The basic principle of a direct ELISA test for COVID-19:
1. The patient sample is added to a test tube that is coated with anti-human IgM specific antibody. This will bind any antibodies that the patient might have produced against COVID-19.
2. A small amount of COVID-19 protein (not infectious) is added to the same test tube and incubated with the bound patients’ antibodies.
3. All unbound COVID-19 protein is then washed away, leaving only the proteins that were bound by the patients’ antibodies in the test tube.
4. A second antibody that recognizes COVID-19 protein is added to the test tube. It has a special substrate bound to it.
5. An enzyme is then added that reacts with the substrate, resulting in a detectable signal.
6. If there is no COVID-19 protein in the patient, this new antibody will not bind anything. If there is COVID-19 protein in the patient, it will bind and be detectable by reading the absorbance in a microplate reader.
Sandwich ELISA for testing of COVID-19
Alternatively, some ELISAs can detect the presence of proteins from the virus. The basic principle of a sandwich ELISA test for COVID-19:
1. The wells of a test tube are coated with antibodies that can bind COVID-19 proteins.
2. A sample from the patient is added to the same test tube. If they are currently infected with COVID-19, some of the proteins will bind to the antibodies in the test tube.
3. A second antibody that recognizes COVID-19 protein is added to the test tube. It has a special substrate bound to it.
4. An enzyme is then added that reacts with the substrate, resulting in a detectable signal.
5. If there is no COVID-19 protein in the patient, this new antibody will not bind anything. If there is COVID-19 protein in the patient, it will bind and be detectable by reading the absorbance in a microplate reader.
What is SCOPES?
SCOPES (Sparking Curiosity through Open-source Platforms in Education and Science) is an open-source STEM didactic tool that is self-contained, independent of local resources and cost-effective. SCOPES can be adapted to communicate complex subjects from genetics to neurobiology, perform real-world biological experiments and explore digitized scientific samples.
Our design philosophy:
We have developed SCOPES as a cost-effective platform to bring life science labs to the classroom. SCOPES is designed to be a modular platform that can be easily adapted for the specific needs of the educator, even without any computer or programming skills. During the design of SCOPES, we considered resource limitations that some classrooms might face. While dedicated computer classrooms in schools are becoming standard in developed countries, buying new hardware is both time consuming and expensive. Sometimes a stable source of electricity might also not be available in some areas. Therefore, we chose the Raspberry Pi Zero W (Pi for short) which is a tiny, power-efficient computer, to be the brains of our project. The Pi is powered via a 5V USB port that is commonly used for charging smartphones and tablets and can be run remotely from a battery or small solar panel. We also do not want you to have to run out and buy a new screen or adapter. Therefore, we chose to make use of your mobile devices to display the visual output of SCOPES. The Pi acts as a wireless access point that mobile devices can connect to and display information provided by the Pi. Several devices can connect to SCOPES in parallel, allowing for multiple young scientists to interact with an individual SCOPES. Thus, SCOPES is self-contained and can be operated in the complete absence of any infrastructure with just a mobile device and a battery.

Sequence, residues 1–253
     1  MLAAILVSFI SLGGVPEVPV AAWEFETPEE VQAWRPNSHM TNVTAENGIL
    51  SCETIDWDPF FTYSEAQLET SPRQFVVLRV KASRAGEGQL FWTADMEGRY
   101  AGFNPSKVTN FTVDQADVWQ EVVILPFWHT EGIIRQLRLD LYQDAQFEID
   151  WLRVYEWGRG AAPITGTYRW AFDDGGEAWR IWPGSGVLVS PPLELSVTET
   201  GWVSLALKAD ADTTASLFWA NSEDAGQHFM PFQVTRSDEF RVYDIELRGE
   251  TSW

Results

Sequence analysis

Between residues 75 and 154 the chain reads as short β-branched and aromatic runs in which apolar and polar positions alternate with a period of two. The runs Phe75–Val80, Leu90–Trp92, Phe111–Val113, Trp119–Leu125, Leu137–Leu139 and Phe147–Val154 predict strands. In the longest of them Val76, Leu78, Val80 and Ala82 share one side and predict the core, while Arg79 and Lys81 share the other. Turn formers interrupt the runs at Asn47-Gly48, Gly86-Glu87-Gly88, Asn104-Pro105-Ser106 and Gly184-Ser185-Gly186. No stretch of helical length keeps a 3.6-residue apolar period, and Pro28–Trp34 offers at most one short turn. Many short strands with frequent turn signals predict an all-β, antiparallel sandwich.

The boxSCOPE case is the latest revision of our original SCOPEScase. The original version can be made from laser-cut plywood, and if you are interested in learning more about this, we recommend visiting our website to find all the files (http://scopeseducation.org). We have also made a 3D printed version that uses a 2 L pop bottle instead of a box. For more information and all the files, please see this post on Prusa Printers.
Thank you for checking out virusSCOPE!
If you like this project please leave a comment or review, and share with your friends.
For more information about how you can use boxSCOPE to do a number of other exciting STEM education activities, please visit my other prints.
More information about SCOPES Education: https://scopeseducation.org/
- 2021-04-04 11:42:06